Finally, drain the sink and rest the mirror upright. Rinse off the cleaning fluid with a steady stream of clean water from the sprayer. Be sure to hit all areas of the mirror. Take the mirror to a table away from any household traffic. Prop it on edge securely with whatever is handy, with several layers of paper toweling under the lip of the optic. Chances are that the water will drain rapidly, leaving only a few droplets on the mirror. Use the corner of the paper towel to remove them. Just touch the toweling to the drop—capillary action does the rest. Then reinstall the mirror in its cell, and recollimate if needed.
CLEANING REFRACTOR LENSES
Refractor objectives are extremely difficult to deal with. I do NOT recommend disassembly of any objective lens. At the time of manufacture, the lenses are oriented by rotating one element against the other to optimize color correction and minimize prismatic error. You do not know if the lens was marked by the manufacturer for proper assembly outside of the shop. Just as important, modern refractor designers are lately using rather exotic glass and even crystalline materials (fluorite) in their objective lenses. You do not want to wash fluorite in soapy or any other kind of water, nor even wipe it at all! The glass is thermally sensitive, stains and even breaks easily! Your best bet is using canned air followed by the wiping procedure for corrector plates. Fold the pad into a rectangle of ½ inch width, and start at the top of the lens, overlapping each stroke, then turn your lens 90 degrees, and repeat. Again, if the dust is inside the optical tube, or worse, is between the lens elements, bring it to us.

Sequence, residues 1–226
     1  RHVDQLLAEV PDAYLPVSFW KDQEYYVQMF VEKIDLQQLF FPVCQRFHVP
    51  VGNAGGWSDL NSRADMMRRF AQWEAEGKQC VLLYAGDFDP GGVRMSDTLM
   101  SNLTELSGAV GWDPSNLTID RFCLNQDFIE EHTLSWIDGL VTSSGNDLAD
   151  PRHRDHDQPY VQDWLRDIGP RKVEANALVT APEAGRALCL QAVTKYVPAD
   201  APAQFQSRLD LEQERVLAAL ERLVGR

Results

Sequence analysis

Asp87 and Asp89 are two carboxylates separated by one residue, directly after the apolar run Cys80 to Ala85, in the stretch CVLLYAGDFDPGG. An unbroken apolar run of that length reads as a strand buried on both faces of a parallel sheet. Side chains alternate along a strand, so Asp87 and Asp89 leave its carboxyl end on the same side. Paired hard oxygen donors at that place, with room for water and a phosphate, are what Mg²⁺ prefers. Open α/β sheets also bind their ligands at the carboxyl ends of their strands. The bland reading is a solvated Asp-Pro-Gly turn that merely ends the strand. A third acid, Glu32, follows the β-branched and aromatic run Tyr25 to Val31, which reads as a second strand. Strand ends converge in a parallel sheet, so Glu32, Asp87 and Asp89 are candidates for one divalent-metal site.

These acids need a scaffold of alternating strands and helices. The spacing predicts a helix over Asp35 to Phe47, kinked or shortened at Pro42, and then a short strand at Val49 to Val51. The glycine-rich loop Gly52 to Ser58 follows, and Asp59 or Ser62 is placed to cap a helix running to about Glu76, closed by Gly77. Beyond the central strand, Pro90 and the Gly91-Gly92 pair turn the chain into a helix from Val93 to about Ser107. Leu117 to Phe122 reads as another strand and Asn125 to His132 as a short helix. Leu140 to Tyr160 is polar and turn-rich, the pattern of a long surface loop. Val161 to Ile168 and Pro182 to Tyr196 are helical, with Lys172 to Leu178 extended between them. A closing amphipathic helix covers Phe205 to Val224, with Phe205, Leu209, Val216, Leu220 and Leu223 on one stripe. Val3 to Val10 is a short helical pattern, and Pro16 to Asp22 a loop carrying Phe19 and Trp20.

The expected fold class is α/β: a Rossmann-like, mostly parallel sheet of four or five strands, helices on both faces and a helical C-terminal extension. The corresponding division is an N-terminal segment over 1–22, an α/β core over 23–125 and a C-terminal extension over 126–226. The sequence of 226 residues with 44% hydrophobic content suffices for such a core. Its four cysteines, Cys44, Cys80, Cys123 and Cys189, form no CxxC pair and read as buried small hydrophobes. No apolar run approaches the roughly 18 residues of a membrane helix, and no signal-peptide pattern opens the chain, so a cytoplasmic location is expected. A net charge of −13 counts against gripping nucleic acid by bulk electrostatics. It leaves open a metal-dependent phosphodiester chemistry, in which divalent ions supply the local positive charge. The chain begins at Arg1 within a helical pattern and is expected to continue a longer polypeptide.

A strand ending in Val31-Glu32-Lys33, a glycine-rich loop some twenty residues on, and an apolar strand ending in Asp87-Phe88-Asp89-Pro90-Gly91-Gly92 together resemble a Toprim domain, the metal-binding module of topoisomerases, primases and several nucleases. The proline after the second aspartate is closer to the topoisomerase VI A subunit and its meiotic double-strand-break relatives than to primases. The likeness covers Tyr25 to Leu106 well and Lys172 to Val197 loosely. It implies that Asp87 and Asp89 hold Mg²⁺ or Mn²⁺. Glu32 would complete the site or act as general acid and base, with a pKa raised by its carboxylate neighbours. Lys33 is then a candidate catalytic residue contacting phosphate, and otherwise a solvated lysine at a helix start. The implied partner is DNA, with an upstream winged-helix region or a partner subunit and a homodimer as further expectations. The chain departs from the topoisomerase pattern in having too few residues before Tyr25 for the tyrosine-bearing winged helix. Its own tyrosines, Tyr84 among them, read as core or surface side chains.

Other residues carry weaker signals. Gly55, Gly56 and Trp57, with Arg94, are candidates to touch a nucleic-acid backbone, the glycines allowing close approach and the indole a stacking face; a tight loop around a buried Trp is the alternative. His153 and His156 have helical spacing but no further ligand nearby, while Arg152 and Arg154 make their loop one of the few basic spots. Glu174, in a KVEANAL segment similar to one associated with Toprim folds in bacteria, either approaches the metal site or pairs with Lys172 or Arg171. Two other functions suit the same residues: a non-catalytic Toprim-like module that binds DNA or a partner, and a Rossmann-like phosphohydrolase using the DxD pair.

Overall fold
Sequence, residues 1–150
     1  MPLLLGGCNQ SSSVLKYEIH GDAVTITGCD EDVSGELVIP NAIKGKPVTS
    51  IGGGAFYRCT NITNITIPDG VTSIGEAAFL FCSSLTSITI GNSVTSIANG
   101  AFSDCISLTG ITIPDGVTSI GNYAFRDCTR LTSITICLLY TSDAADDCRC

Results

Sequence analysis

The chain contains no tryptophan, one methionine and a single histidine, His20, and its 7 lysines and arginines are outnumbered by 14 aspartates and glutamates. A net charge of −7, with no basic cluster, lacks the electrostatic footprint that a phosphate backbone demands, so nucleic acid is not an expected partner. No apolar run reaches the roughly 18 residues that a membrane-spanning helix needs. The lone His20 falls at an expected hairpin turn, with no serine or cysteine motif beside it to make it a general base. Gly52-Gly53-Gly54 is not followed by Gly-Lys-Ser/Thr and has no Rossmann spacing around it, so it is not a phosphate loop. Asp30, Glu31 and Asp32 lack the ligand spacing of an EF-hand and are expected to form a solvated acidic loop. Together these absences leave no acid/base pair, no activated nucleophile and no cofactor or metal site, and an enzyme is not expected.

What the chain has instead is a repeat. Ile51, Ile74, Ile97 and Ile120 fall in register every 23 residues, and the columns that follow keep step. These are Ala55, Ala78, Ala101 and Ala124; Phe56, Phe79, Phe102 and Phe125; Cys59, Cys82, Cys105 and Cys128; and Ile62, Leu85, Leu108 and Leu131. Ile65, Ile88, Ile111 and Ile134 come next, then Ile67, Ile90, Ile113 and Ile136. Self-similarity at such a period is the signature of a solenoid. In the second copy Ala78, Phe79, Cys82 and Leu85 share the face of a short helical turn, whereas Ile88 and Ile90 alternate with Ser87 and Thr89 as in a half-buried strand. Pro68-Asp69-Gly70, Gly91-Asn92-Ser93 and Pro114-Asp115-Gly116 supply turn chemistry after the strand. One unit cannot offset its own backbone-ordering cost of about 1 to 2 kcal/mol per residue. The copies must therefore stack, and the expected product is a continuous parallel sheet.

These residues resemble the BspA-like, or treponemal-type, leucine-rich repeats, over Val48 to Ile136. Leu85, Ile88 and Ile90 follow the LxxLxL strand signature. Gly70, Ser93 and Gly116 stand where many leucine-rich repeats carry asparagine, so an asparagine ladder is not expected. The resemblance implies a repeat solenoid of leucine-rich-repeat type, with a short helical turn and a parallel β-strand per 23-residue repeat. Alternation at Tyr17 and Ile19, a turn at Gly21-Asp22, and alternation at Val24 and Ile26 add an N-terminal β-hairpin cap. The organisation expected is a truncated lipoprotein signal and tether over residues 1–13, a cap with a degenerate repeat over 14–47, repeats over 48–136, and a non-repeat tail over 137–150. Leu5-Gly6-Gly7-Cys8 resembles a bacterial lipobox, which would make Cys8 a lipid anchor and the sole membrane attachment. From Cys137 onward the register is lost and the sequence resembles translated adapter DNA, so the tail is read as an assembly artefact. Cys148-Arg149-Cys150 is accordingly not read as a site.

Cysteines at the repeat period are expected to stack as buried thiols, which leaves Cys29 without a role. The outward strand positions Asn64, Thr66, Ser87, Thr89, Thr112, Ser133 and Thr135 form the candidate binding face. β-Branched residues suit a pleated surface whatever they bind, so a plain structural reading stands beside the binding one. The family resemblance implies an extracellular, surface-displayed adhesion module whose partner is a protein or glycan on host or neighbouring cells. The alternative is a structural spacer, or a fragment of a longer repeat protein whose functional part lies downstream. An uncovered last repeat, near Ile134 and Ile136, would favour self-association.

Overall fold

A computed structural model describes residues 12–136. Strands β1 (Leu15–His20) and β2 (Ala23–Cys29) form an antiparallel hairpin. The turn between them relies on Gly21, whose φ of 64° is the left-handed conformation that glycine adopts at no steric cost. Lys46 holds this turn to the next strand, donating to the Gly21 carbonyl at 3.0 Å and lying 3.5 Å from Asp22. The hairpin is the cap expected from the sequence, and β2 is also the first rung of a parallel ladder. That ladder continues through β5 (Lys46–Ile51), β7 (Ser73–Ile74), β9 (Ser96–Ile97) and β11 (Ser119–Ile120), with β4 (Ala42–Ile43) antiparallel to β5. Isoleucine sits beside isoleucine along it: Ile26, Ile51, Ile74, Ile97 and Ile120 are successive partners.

As a final note: Cleaning optics should be done only when absolutely necessary and with great reserve and caution. We give you the above guidelines to help you if you choose to clean your optics yourself. Just be aware that you do so at your own risk and we cannot be held liable for any mistake you may make in this process.